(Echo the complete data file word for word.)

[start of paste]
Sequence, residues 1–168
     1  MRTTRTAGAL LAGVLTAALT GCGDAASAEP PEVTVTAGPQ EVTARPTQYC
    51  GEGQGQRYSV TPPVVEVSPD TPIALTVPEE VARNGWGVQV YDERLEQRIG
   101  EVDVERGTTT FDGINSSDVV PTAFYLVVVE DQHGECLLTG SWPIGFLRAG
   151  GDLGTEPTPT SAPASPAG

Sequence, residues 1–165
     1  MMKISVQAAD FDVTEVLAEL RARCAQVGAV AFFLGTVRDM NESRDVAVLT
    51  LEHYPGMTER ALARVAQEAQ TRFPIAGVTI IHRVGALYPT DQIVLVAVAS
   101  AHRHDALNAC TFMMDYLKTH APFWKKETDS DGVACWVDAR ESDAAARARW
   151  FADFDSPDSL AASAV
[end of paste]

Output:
Sequence, residues 1–168
     1  MRTTRTAGAL LAGVLTAALT GCGDAASAEP PEVTVTAGPQ EVTARPTQYC
    51  GEGQGQRYSV TPPVVEVSPD TPIALTVPEE VARNGWGVQV YDERLEQRIG
   101  EVDVERGTTT FDGINSSDVV PTAFYLVVVE DQHGECLLTG SWPIGFLRAG
   151  GDLGTEPTPT SAPASPAG

Sequence, residues 1–165
     1  MMKISVQAAD FDVTEVLAEL RARCAQVGAV AFFLGTVRDM NESRDVAVLT
    51  LEHYPGMTER ALARVAQEAQ TRFPIAGVTI IHRVGALYPT DQIVLVAVAS
   101  AHRHDALNAC TFMMDYLKTH APFWKKETDS DGVACWVDAR ESDAAARARW
   151  FADFDSPDSL AASAV